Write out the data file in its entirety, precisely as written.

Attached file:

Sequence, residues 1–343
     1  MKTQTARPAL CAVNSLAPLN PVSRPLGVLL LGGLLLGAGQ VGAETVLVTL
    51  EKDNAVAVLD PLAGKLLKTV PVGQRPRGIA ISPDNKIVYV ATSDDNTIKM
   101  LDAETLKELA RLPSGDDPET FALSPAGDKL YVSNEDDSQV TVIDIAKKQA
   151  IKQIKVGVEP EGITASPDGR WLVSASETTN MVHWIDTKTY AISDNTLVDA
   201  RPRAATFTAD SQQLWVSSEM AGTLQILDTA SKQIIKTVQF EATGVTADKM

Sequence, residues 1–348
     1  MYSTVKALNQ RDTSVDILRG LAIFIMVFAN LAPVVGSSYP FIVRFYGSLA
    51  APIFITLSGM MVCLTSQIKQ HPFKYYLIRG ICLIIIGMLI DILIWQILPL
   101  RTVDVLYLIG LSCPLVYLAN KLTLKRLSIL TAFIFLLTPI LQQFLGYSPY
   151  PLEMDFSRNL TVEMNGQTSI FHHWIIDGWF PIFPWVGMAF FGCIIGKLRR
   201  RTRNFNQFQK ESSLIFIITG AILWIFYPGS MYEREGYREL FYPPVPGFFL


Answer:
Sequence, residues 1–343
     1  MKTQTARPAL CAVNSLAPLN PVSRPLGVLL LGGLLLGAGQ VGAETVLVTL
    51  EKDNAVAVLD PLAGKLLKTV PVGQRPRGIA ISPDNKIVYV ATSDDNTIKM
   101  LDAETLKELA RLPSGDDPET FALSPAGDKL YVSNEDDSQV TVIDIAKKQA
   151  IKQIKVGVEP EGITASPDGR WLVSASETTN MVHWIDTKTY AISDNTLVDA
   201  RPRAATFTAD SQQLWVSSEM AGTLQILDTA SKQIIKTVQF EATGVTADKM

Sequence, residues 1–348
     1  MYSTVKALNQ RDTSVDILRG LAIFIMVFAN LAPVVGSSYP FIVRFYGSLA
    51  APIFITLSGM MVCLTSQIKQ HPFKYYLIRG ICLIIIGMLI DILIWQILPL
   101  RTVDVLYLIG LSCPLVYLAN KLTLKRLSIL TAFIFLLTPI LQQFLGYSPY
   151  PLEMDFSRNL TVEMNGQTSI FHHWIIDGWF PIFPWVGMAF FGCIIGKLRR
   201  RTRNFNQFQK ESSLIFIITG AILWIFYPGS MYEREGYREL FYPPVPGFFL